The Execution of Lady Jane Grey

12th February 2018, Tower Green

Four hundred and sixty-four years later.
This site constructed under the order of Henry VIII
Outside the Chapel of St. Peter & Vincula:
Anne Boleyn and Catherine Howard were also
Executed here – before her.

1979, The National Gallery, London

Five life-size figures, each telling the story
Through gesture, pose, prop,
Female faces turning away.
Four hundred and twenty-five years
after the execution;
One hundred and forty-six years
after the painting.
Me, the only voyeur, the sixth figure. Listening.


The Artist

“Elizabeth Tilney, Lady-in-Waiting;
Miss Ellen, the Nursemaid;
Sir Thomas Brydges, Lieutenant of the Tower;
The Executioner;
Lady Jane Grey, Queen of England – for nine days.
Quite a gathering of grief, I’d say.

“I was criticised for the lack of historical accuracy
(By Vincent Van Gogh, no less!)
As if history is ever accurate.
Practical realism. Philosophical analysis.
Cruelty and violence – that is my concern
With the past.
Look closely:

“The precocious classical scholar –
Who read Plato for amusement
– with her pallid flesh in her chemise and kirtle.
And note the trembling, vulnerable hands,
Lightly tapping the air, searching for the block
Lashed steady to the floor.
Like all Tudors, she invokes death.

“Look more closely now:
Jump in.
You see the velvet-covered platform
On which she kneels? Reminiscent
Of the beheadings of nobility in
The French Revolution, would you say?
Norman columns, can you see?

“Look, look at the brightness of the blindfold
At the centre of the stage,
How it reflects the red-gold patina of her hair
And forces you to focus on the fear
Beneath, which must shine in her eyes.

“Look at the triptych of warmth:
Tilney’s dress; Brydges’ collar;
The Executioner’s blood-red hose,
Which draws your attention to?
The axe.
Look how smooth the haft, how well-worn the beard,
Yet sharp. ‘I pray you do dispatch me quickly.’

“Let your eyes wander down to the fresh, clean straw.
In moments, the severed head will roll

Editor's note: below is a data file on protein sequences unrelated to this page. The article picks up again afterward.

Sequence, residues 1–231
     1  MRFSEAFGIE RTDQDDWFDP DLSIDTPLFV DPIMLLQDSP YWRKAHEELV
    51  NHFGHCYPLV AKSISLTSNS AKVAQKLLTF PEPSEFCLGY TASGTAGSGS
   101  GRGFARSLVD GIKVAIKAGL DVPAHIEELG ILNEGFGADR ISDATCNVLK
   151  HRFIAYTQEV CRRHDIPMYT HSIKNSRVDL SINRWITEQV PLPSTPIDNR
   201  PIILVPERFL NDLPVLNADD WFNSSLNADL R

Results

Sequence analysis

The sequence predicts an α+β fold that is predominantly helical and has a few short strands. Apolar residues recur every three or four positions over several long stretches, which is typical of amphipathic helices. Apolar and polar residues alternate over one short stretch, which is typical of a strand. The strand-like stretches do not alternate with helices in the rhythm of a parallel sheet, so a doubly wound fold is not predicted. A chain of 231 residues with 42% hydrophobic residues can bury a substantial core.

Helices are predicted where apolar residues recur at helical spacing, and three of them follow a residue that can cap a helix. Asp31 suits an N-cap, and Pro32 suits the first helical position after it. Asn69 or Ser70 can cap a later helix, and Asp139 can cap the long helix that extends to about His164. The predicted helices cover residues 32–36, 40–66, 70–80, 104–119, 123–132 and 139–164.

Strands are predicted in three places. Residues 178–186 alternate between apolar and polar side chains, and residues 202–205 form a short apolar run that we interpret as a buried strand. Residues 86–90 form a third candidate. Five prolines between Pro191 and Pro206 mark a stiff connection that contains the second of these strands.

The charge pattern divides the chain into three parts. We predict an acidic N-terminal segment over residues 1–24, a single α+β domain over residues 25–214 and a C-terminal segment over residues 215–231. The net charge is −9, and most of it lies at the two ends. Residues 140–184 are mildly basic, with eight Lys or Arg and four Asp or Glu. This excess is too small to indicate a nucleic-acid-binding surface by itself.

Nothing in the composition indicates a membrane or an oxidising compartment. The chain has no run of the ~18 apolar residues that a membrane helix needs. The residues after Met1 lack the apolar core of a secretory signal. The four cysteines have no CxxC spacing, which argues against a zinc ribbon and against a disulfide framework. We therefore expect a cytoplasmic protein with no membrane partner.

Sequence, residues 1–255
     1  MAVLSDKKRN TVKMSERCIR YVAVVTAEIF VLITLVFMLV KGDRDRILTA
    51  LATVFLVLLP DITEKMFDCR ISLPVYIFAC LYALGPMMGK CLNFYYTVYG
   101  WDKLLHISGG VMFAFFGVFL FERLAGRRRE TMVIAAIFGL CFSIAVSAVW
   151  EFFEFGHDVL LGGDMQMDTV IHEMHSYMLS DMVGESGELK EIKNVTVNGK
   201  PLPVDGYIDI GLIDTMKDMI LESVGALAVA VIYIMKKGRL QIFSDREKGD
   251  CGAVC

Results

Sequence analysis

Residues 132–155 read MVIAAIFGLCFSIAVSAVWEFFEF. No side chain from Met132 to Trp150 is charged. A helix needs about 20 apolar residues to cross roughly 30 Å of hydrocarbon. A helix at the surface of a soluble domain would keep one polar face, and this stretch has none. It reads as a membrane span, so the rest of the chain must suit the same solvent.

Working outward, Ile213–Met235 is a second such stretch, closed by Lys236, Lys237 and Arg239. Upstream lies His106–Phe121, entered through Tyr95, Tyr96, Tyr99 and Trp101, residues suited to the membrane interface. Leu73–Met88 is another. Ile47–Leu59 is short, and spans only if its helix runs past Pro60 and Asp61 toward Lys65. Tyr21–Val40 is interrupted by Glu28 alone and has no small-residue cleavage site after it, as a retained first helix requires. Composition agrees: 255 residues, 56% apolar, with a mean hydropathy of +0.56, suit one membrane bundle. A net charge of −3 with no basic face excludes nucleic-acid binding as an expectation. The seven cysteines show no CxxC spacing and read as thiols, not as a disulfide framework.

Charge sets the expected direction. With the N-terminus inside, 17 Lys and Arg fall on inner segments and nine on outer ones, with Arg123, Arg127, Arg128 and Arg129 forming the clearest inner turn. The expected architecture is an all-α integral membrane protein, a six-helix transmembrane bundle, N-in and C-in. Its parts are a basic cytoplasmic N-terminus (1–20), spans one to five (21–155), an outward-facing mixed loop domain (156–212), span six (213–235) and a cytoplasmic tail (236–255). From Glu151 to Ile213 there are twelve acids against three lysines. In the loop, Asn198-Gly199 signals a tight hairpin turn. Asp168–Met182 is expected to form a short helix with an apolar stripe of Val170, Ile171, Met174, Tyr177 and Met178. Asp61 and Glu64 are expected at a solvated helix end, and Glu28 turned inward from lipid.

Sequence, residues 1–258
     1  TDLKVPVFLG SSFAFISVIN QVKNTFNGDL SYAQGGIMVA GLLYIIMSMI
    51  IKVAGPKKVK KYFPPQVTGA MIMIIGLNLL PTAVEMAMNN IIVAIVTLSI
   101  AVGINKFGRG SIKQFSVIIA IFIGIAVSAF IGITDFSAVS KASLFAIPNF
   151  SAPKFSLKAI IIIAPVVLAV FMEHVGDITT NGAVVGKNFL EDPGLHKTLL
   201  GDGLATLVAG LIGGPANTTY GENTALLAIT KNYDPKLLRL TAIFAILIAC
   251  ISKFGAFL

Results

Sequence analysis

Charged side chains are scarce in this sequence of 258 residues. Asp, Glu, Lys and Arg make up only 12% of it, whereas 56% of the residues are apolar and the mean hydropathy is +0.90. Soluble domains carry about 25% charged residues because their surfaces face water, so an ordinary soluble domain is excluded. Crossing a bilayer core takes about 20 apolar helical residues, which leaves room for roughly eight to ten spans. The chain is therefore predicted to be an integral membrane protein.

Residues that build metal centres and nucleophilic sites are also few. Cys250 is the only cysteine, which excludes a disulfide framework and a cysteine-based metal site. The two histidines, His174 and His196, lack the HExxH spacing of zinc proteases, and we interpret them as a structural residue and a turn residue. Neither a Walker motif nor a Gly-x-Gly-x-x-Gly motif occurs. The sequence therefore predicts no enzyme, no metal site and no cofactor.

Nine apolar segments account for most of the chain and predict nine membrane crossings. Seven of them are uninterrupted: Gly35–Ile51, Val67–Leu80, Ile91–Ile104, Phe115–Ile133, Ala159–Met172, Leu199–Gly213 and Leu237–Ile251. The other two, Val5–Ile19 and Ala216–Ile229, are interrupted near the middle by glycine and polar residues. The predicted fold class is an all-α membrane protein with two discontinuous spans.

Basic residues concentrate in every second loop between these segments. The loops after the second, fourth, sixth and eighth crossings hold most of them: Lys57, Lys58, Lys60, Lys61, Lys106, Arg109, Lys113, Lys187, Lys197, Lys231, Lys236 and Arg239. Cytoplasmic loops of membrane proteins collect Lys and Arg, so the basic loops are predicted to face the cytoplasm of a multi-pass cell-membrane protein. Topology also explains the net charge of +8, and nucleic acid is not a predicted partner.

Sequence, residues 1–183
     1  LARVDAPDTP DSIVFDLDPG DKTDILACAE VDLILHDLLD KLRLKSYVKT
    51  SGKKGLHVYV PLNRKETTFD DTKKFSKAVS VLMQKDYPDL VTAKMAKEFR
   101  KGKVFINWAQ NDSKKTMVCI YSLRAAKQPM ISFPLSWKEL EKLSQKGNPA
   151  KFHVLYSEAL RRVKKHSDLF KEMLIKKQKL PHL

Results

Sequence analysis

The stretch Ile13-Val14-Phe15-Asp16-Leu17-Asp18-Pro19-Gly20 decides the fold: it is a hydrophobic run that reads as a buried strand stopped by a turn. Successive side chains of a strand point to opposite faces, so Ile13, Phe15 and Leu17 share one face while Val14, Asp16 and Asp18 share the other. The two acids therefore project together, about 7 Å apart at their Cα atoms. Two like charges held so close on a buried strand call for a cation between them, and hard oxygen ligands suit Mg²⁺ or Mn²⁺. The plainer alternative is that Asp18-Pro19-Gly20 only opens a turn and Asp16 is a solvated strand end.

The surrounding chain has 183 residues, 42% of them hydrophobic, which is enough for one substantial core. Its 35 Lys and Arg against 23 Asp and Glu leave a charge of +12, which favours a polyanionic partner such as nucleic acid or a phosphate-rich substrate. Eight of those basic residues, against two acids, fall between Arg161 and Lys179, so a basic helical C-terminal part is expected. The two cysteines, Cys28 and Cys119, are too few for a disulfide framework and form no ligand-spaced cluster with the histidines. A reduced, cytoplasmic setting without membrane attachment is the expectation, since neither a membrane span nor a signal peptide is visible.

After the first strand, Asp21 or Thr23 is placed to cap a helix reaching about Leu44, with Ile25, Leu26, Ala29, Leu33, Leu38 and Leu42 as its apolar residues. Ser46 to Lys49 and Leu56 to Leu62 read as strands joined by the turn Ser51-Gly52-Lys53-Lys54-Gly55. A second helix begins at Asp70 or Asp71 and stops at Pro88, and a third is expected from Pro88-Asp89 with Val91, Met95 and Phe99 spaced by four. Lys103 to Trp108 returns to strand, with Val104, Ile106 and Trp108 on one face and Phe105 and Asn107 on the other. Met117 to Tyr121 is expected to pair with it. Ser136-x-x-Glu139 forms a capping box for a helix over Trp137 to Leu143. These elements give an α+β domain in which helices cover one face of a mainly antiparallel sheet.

Towards you, and the blood will seep
Into the straw at your feet.

“And what will you do then?
Will you, too, criticise for historical accuracy?
For the fact that she wears a wedding ring?
Or question whether she be martyr or victim?

“If so, you miss my point:
A deconstructive view will help
You to understand my implicit meaning,
Where pluralism, in my art, is political.
History repeats itself.
Cruelty and violence – that is my concern
With the past.”


I first viewed this painting at the National Gallery in 1979. It had been bequeathed to the Tate at the start of the 20th century, but by 1928 had been consigned to storage (being deemed as far too ‘chocolate-boxy’ and twee by highly-regarded art historians) and did not emerge again until 1974. And I was simply astounded by the power this painting exudes.

Quick bit of history here: the young King Edward VI, knowing he was dying, named both Mary and Elizabeth as illegitimate in his will. After his death, his first cousin once removed and a Protestant – Lady Jane Grey – was proclaimed Queen. Mary Tudor – a staunch Catholic – then claimed the throne, which Jane was forced into relinquishing only nine days into her reign. Jane, her husband Lord Guildford Dudley and her father (Henry Grey, Duke of Suffolk) were imprisoned in the Tower of London, accused of high treason. Mary Tudor sent her chaplain, John Feckenham, to Jane in prison, to try to persuade her to convert to Catholicism: Jane chose to die rather than recant her faith. On 12th February 1554, Jane – aged just sixteen – and her husband were beheaded. Her father met the same fate two days later.

Why might Paul Delaroche have chosen this execution, four hundred and twenty-five years after it took place, for the subject of his painting? A clue probably lies in the period of French history between 1814 (the restoration of the monarchy) and the revolution of 1848. In 1831, Delaroche had produced a painting of Cromwell gazing down on the corpse of King Charles I in his coffin. No doubt Delaroche was wise not to have taken his own country’s contemporary unrest and trauma as the subject of his art. But in taking the deaths of monarchs from English political history as his subjects, perhaps he was fulfilling both the Anglophilia of the conservative French art world and making a timely comment on the de-glorification of the ruling classes.

On 12th February 2018, I was back as a tourist at the Tower, only coincidentally then remembering that it was four hundred and sixty-four years to the day since this grotesque act of political violence.

Angela Valentino, Teacher of English

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